When a faculty member cannot resolve a disruptive student’s behavior at the classroom level, the student should be referred to the appropriate campus official. The person presenting the complaint, be it a student, a staff or a faculty member, will probably be frustrated and even angry because the situation has not been resolved. By the time the complaint hits the office of the dean or the vice president for academic affairs, the problem has usually become more complicated and has a greater potential for conflict because of the inability to solve it in the early stages.

Most colleges have policies that address different issues of incivility. For example, at Northeastern Illinois University, the "Student Conduct Code" includes a series of policies and procedures that deal with grade appeal, other appeals and grievances, as well as a classroom disruption policy. These documents are accessible to students and faculty and are distributed during orientations. In addition to these administrative procedures, the university has a counseling center, a campus safety office, an officer who oversees harassment cases, a lawyer who can provide counsel, and other resources. Everyone should become familiar with campus policies and resources, including knowledge of what services are available.

The following are some key questions for faculty and administrators:

  • Are there policies in place to address different types of disruptive behavior? If so, how is this information disseminated?
  • Does everyone know about the policies? Are they easily available and accessible?
  • Do campus officials have a plan in place to act quickly when faced with a serious situation?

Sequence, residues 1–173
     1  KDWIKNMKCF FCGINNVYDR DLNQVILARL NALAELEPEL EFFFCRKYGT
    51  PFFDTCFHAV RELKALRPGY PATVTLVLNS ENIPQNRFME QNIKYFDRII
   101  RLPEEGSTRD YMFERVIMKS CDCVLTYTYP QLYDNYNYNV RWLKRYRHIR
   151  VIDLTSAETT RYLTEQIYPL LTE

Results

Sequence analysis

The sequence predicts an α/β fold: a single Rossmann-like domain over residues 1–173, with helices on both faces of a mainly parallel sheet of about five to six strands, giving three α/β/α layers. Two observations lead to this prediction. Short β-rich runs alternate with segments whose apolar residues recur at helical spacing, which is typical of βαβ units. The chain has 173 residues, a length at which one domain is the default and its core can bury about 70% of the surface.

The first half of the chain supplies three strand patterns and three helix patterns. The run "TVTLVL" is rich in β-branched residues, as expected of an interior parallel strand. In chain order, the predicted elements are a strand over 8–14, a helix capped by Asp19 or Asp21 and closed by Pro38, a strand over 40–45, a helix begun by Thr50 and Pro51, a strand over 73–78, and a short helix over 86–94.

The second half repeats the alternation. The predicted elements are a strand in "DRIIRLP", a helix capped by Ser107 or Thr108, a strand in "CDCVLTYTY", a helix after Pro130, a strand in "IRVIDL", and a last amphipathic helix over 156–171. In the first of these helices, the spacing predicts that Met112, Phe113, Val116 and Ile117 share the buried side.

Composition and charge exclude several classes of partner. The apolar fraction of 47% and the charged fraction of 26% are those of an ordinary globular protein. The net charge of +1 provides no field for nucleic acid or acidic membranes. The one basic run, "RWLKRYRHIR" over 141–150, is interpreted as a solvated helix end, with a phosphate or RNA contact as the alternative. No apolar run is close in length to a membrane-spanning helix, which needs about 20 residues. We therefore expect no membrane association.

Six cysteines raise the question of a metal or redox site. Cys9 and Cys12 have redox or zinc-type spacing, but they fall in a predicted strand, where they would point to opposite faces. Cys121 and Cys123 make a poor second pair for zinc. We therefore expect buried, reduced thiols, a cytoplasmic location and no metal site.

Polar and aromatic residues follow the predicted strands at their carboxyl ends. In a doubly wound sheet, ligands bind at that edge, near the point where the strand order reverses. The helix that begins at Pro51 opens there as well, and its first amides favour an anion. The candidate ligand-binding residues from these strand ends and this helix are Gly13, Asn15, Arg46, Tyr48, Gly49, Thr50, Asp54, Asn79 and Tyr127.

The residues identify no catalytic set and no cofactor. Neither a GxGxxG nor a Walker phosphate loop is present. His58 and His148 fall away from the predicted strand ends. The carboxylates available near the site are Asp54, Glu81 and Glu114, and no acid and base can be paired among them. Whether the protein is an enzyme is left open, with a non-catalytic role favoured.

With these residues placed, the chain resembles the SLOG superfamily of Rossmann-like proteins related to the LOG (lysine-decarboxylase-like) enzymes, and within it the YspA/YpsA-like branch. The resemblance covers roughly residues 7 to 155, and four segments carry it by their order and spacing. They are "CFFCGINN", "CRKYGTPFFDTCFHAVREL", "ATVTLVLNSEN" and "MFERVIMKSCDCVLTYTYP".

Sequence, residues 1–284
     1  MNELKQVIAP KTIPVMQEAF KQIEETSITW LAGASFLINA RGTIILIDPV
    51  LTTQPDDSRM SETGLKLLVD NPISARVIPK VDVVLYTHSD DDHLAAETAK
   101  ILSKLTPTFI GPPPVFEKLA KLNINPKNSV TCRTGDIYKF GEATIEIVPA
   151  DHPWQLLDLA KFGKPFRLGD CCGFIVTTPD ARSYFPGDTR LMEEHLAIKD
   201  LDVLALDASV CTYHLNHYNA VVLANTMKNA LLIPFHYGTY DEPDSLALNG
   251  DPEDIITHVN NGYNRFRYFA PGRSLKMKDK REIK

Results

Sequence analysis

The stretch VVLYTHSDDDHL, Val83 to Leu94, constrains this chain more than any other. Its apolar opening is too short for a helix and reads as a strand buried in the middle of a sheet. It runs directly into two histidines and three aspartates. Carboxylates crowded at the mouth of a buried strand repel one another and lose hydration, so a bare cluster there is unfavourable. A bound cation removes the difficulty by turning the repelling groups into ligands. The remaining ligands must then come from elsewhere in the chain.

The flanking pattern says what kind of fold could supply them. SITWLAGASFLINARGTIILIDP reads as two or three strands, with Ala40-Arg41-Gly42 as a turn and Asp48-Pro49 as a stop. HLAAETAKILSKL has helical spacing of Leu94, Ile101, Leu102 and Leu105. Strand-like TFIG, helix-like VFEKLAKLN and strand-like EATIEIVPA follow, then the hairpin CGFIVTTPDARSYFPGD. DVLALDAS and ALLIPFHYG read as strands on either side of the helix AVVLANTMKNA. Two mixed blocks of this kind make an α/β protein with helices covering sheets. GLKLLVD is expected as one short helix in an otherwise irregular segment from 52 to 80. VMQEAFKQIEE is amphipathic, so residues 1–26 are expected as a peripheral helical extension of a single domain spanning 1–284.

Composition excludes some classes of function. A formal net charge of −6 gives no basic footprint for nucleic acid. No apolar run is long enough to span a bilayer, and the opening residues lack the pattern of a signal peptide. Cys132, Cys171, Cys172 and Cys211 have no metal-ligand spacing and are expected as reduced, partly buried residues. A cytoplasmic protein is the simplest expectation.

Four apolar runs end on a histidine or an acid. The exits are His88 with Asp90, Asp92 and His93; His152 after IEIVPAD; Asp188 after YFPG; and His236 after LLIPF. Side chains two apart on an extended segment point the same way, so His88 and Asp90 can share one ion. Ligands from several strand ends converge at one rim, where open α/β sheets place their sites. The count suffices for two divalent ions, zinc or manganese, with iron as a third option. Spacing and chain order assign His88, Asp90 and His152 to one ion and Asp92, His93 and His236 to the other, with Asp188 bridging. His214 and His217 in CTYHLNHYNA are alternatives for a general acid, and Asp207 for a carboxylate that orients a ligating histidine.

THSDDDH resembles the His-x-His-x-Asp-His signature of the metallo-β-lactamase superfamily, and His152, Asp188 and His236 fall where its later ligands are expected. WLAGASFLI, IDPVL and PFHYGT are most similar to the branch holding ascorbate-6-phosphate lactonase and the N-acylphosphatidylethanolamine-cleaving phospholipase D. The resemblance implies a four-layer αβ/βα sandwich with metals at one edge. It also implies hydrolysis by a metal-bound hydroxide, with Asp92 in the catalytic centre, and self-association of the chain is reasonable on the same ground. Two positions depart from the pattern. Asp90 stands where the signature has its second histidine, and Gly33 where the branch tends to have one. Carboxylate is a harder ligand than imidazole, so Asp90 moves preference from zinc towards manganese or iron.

• Can the institution provide personal protection to a faculty member who has been threatened?

It is important that faculty members understand the position the administration will take and the strategies it will employ in cases that have escalated beyond the classroom. The typical administrative response to different kinds of uncivil behavior is usually the following:

  • First, the applicable policy should be observed and no time should be wasted in following the specified procedures.
  • Second, depending on the nature of the complaint, the administrator may also have to deal with emotional aspects. For example, a death threat may require giving emotional support to the person who received it, in addition to ensuring personal safety. Threats that imply bodily harm should never be underestimated.
  • Third, it is essential to communicate with all the involved parties, keeping them informed of every step taken to address the situation.
  • Finally, administrators and faculty members need to review policies and procedures to determine if adequate guidelines are in place to handle uncivil classroom behavior. The time to have mechanisms in place is before a crisis occurs. It is also important to periodically evaluate the effectiveness of the guidelines.


"It is helpful to talk about these problems and hear what strategies other instructors use. You don’t feel like you are the only one."

— A junior faculty member at a community college

Talking about incivility and other forms of disruptive behavior is essential. It should not be a hidden campus secret. It must be acknowledged so everyone is prepared to deal with these kinds of behavior and situations in an effective manner. Campuses should be able to learn from such experiences in order to develop practical strategies to counter behavior. Being student-centered means creating clear expectations at every level and providing the necessary support so that the best communication, one that addresses different circumstances, even unpleasant ones, takes place.

*All quotes are from interviews conducted by the authors with students and faculty members affected by classroom incivility.

Virginia Gonzalez is a professor of counseling and coordinator of special programs at Northampton Community College. Contact her at

Estela Lopez is provost and vice president for academic affairs at Northeastern Illinois University. Contact her at